Write your personal/professional stressors down and then select and prioritize three that you will work on to reduce. Do you need to have a “difficult conversation” with someone to resolve a lingering issue? Do you need to request more resources to meet a looming deadline you are worried about? Ask for what you need.
And, to get started on reducing your stress level in general, here are some stress busters for you.
Set boundaries. Establish a time after which you do not take work phone calls or respond to work emails, texts, smoke signals, whatever. Manage expectations about your “work hours.”
Be willing to say “no.” When asked to do something with a clearly unreasonable deadline, or without appropriate resources, explain the impact it will have on your current work. Offer alternative dates or suggest alternative resources.
Stop and pause. Do a personal check-in. Adjust priorities, if necessary. Take a break.
Breathe. Deeply and often. Consider meditation. Take a walk in the park or along the beach.
Laugh. I can’t recommend this enough. Find something to laugh about every day. It’s good medicine!
“Laugh when you can, apologize when you should, and let go of what you can’t change…Life’s too short to be anything but happy.” – Unknown
Till next time,
I just got back from my annual two-week vacation at the Jersey Shore. It...was...wonderful! I love the work I do, and am so grateful to be able to do this work, and I was ready for some down time to feed my soul. I think we all need to get away once in a while to relax and refresh. Yet it's astounding how many people don't take that opportunity!
In fact, in 2016, more than half of American workers - 54% - left vacation days unused, according to a recent survey by Project: Time Off, who studies American vacation habits. This means that 662 million vacation days were left on the table, and since some of those days had to be forfeited (since they couldn’t be rolled over, banked or paid out) American workers gave up $66.4 billion in benefits in 2016. Seriously?
Here are some more startling facts from the Project: Time Off report.
-Unused vacation days cost the U.S. economy $236 billion in 2016, due to lost spending
-That spending would have supported 1.8 million American jobs, and generated $70 billion in additional income for American workers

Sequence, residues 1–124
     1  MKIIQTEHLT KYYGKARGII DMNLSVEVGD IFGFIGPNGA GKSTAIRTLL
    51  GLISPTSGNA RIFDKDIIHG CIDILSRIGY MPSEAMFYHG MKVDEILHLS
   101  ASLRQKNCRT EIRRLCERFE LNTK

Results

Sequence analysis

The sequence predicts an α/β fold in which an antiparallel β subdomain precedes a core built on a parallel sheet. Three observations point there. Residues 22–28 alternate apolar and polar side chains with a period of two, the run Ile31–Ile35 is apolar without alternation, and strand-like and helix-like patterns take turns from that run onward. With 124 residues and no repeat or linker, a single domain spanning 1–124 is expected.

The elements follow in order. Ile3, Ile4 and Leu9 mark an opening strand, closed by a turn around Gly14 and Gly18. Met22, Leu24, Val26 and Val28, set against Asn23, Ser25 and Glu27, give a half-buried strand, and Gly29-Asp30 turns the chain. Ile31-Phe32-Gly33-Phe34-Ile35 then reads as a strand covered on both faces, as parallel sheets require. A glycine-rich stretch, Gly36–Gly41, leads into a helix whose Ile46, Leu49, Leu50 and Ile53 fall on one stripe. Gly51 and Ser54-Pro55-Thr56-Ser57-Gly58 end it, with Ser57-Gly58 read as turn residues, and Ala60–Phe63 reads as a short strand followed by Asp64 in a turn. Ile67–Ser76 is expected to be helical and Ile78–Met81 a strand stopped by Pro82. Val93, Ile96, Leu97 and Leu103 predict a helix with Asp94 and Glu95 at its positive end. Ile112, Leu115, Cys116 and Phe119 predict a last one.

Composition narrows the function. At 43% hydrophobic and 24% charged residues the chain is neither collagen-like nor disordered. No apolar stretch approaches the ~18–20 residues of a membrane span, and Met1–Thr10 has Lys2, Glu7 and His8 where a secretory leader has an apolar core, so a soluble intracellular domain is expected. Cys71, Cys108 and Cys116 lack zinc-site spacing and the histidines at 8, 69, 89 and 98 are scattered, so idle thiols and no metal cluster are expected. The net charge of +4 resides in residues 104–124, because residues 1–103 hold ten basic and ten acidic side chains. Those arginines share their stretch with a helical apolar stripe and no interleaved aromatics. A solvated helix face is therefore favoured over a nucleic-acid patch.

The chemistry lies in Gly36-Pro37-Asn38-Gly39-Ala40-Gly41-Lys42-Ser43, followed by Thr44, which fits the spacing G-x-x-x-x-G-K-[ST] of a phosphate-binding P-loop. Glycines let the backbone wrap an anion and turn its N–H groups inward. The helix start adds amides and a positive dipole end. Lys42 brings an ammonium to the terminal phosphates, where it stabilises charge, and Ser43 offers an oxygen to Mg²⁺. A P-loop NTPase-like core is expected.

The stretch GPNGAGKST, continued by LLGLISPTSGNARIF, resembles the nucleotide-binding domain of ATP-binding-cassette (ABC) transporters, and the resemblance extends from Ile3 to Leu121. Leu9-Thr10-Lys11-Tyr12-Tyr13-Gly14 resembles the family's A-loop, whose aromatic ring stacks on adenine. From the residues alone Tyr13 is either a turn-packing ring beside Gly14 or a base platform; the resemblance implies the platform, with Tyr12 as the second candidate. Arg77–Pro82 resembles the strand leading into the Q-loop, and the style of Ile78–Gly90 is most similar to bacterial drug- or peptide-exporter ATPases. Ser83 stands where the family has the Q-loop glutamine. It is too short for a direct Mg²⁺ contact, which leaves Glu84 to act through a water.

-If the 54% of workers who left time unused took just one more day off, it would drive $33 billion in economic impact
So why are Americans so reluctant to take vacations? Some often-cited reasons (ahem, excuses) are: heavy workload, lack of money to “go anywhere” and the perception that people who take time off are less dedicated.
It may also stem from the fact that the United States is the only advanced economy that does not require its employers to offer their workers paid vacation time. In their report, No-Vacation Nation researchers at the Center for Economic and Policy Research found that:
-Nearly one-fourth of U.S. companies offer no paid time off
-Those companies that do offer an average of only 10 days vacation per year
Compare this to European countries where employers are required by law to offer at least 20 days per year. And they expect their employees to take it! In Austria, the typical employee gets 25 days annual leave plus 13 paid holidays. Now that’s a vacation!
It amazes me that so many people in the U.S. who DO have the opportunity to take time off don’t take it. Even those working for companies that have unlimited or more generous than average time off policies.
Back to that 54%. If you’re in that category, you are missing out on myriad benefits from getting away from the office. And I mean REALLY getting away. Not just moving your electronics to the beach! Research shows that time away from work:
-Improves overall health
-Increases creativity (New experiences! Different scenery!)
-Provides for quality time with family
-Ignites neural connections (increasing your brain power, and that’s got to be good!)
-Increases productivity upon return
So what are you waiting for? You still have plenty of time before the winter weather sets in, and popular vacation spots are less crowded in the fall. Even if you take a “staycation” (note: without electronics), you’ll feel better for it. Your family will feel better for it. And, yes, the company will survive while you’re gone.
Till next time,